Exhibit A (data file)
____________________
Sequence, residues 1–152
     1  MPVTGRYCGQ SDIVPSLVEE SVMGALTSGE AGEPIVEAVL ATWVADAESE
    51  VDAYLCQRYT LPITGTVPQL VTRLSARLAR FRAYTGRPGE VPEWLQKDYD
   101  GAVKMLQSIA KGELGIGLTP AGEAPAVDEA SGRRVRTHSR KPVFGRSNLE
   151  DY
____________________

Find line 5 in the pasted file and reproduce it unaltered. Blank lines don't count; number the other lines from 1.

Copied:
   151  DY